the other Part which is fifty pounds each to be paid unto them att three years End next
after y'e Decease of my Wife Grace, to be Paid unto them Respectively in Good and Lawfull
Bills of Creditt on the Province afores'd or in other species current with y'e Merchant at
Money price at y'e Respective Days and times of Payment.
5'ly I Will and Bequeath unto my Tender and Wellbeloved Wife Grace During the Time that
she shall Remain my Widow, the Continual Improvement of all and every Part of my
Buildings orchards fences Plowlands Meadows and the Continual Incomes from thence 
arising, which are not Heretofore by Deed, or by this my present will Disposed of.
6'ly I Will and bequeath unto my Wife afores'd all my Moveable Estate within my now
Dwelling house (Bonds excepted) and also one Horse Two Cowes and Four sheep
to be at her Dispose to any or all of my three Daughters above Named as she my said
Wife shall Judge most expedient.
7'ly  I Will and Bequeath unto my son Jonas all my Lands not Heretofore Disposed of Together
will all and singular the Buildings Fences orchards improvements and incomes from thence
from time to time and at all times ariseing to be with him and his assignes forever after
the time of my s'd Wife Grace shall Decease or cease to be my Widow.  Further my Will is
that from and after my Decease my cattle of what Kind soever and my money or Bonds for
money Together with my Tooles for Husbandry shall be and Remain unto my s'd son Jonas
forever.
Finally  I name and constitute my son Jonas afores'd to be sole Executor of this my Last
will and Testament Here'by Renouncing all former Wills and Do Declare this to be my Last
Will and Testament Declared signed and sealed this Ninth Day of Aprill Anno Domini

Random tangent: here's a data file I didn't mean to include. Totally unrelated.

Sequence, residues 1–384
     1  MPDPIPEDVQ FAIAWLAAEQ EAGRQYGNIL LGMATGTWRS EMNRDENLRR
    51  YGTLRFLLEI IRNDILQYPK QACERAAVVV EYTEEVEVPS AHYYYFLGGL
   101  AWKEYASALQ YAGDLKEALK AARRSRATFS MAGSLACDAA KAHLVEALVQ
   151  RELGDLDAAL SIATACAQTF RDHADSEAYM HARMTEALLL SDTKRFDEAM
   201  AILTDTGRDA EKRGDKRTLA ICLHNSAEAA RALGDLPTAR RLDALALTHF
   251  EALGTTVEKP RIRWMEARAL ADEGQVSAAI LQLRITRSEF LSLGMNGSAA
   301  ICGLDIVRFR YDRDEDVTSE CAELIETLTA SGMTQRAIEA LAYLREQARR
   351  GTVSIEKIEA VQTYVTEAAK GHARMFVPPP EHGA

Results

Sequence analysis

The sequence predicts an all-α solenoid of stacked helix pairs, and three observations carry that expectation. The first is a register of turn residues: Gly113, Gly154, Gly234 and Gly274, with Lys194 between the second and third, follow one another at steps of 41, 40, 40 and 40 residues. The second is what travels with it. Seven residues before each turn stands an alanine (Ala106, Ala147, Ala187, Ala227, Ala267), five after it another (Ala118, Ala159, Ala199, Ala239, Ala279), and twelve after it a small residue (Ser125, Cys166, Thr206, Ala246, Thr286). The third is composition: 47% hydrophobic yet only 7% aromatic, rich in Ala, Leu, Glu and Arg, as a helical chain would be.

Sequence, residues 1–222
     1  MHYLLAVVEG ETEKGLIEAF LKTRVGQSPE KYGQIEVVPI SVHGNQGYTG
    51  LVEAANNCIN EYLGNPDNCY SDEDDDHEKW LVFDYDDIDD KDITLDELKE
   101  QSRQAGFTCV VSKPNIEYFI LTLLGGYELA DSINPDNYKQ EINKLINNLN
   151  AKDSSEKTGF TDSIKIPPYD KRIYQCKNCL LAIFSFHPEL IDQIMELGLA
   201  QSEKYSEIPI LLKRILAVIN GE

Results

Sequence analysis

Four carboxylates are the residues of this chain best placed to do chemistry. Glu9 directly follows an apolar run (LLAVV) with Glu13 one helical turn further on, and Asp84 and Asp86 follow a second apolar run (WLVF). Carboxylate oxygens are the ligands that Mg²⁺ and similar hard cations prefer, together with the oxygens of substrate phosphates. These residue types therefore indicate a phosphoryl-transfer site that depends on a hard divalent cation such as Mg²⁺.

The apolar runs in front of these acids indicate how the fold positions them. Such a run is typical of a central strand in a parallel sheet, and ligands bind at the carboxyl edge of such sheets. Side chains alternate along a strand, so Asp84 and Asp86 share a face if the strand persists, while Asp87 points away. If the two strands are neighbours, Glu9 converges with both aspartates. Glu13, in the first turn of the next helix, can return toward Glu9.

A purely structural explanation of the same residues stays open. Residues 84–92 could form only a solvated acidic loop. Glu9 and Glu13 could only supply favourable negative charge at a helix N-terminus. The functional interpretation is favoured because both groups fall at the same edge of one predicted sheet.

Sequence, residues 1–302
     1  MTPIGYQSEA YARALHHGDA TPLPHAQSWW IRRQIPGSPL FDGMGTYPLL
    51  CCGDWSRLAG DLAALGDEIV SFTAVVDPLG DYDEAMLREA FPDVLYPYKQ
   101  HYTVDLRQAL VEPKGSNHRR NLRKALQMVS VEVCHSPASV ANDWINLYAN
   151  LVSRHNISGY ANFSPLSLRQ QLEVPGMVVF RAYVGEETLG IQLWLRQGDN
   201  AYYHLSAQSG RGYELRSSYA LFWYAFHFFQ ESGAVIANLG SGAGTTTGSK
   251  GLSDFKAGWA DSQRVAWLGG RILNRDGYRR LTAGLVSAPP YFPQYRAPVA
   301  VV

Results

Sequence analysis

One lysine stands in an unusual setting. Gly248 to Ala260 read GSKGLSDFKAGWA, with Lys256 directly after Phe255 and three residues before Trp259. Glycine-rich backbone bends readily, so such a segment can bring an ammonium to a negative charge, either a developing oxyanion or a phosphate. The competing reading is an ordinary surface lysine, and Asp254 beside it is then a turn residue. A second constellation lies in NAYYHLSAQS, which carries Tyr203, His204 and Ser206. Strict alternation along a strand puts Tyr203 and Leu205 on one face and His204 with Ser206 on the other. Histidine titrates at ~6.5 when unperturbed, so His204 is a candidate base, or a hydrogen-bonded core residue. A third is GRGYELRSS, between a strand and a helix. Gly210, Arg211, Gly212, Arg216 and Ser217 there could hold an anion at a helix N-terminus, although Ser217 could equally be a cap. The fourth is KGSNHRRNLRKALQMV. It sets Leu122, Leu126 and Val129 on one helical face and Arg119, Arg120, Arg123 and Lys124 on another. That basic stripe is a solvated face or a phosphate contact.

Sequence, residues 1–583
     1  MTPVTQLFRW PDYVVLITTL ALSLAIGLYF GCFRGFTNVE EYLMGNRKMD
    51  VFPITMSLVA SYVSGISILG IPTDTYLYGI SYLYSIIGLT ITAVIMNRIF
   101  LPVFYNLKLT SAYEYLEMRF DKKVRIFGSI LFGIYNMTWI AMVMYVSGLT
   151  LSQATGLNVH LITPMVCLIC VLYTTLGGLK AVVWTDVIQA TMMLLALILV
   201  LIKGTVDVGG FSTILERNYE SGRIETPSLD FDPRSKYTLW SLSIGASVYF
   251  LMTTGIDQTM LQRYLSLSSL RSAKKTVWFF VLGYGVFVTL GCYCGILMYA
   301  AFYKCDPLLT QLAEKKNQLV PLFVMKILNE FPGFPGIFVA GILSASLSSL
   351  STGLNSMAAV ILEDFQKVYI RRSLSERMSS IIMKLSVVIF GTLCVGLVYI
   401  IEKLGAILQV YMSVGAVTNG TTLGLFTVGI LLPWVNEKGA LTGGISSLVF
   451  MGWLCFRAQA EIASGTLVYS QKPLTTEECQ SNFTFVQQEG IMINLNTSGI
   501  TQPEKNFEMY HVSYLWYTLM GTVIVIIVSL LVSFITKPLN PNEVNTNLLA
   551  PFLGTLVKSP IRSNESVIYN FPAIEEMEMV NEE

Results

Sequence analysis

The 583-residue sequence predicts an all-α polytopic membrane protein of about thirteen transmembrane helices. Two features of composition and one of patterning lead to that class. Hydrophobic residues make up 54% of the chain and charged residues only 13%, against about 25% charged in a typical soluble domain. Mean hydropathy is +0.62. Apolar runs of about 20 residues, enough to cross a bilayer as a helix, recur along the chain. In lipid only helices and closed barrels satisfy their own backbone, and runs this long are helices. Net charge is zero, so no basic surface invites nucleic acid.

one thousand seven Hundred Thirty and Three and in the fifth year of y'e Reign of our
Soverein Lord George y'e second of Great Britain &c King.
Declared signed and sealed (the word Deceased was Hereunto anexed before sealing and Declaring
Hereof) in Presence of us Wittnesses
Samuel Biglo
Samuel Morss
Daniel Harington                                                       Joseph morse  {seal}

On 3 September 1733, Jonas Morse (the executor) and the three witnesses presented the will to the Middlesex County Probate Court and Jonas Morse was charged to faithfully execute the will of his father and to provide an account when required by Judge Jonathan Remington. 

The source citation for this probate case file is:

Middlesex County, Massachusetts, Probate case files, Volume: Middlesex 14000-15599, Estate File #15528 (4 images), Joseph Morse estate, 1733; "Middlesex County (Massachusetts) Probate Records, 1648-1871," digital images, New England Historic Genealogical Society, 2014, American Ancestors  (https://www.americanancestors.org: accessed 17 January 2021); Digitized mages provided by FamilySearch.org from original records at Probate Registry, Cambridge, Mass. 

Joseph Morse (1667-1733) married Grace Warren (1671-1753) on 20 January 1690 in Marlborough, Massachusetts.  They resided in Marlborough, and had six children:

*  Joseph Morse (1692-1756), married 1716 Abigail Barnes (1695-1741).
*  Grace Morse (1694-1731), married 1716 Jacob Hinds (1695-1764).
*  Mary Morse (1697-????), married 1719 James Maynard (1694-????).
*  Elizabeth Morse (1699-1774), married 1717 Benjamin Woods (1691-1740).
*  Jonas Morse (1703-1779), married 1735 Lucy Eager (1707-1802).
*  Patience Morse (1705-1776), married 1726 Jonathan Keyes (1702-1778).

There are only four papers in this Estate file - the cover, the will, the order to the executor to appear, and the approval of the will.  There is no inventory or account in this estate file.  

Joseph and Grace (Warren) Morse are my 7th great-grandparents, through their daughter Mary Morse (1697-????) who married James Maynard (1694-????) in about 1719. 

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NOTE: Genea-blogger John Newmark (who writes the excellent TransylvanianDutch blog) started a Monday blog theme years ago called "Amanuensis Monday." John offers this definition for "amanuensis:"

"A person employed to write what another dictates or to copy what has been written by another."

The URL for this post is:  https://www.geneamusings.com/2021/01/amanuensis-monday-1733-will-of-joseph.html

Copyright (c) 2021, Randall J. Seaver

Please comment on this post on the website by clicking the URL above and then the "Comments" link at the bottom of each post. Share it on Twitter, Facebook, or Pinterest using the icons below. Or contact me by email at randy.seaver@gmail.com.

Sunday, January 24, 2021

Chula Vista Genealogical Society Meeting on Wednesday, 27 January Features Diane Gould Hall

 Wednesday, 27 January 2021, 12 noon PST

CVGS General Meeting (in a Zoom Video Conference)

Diane Gould Hall on

"My Visit to Scotland: What I Did Right and What I Did Wrong.”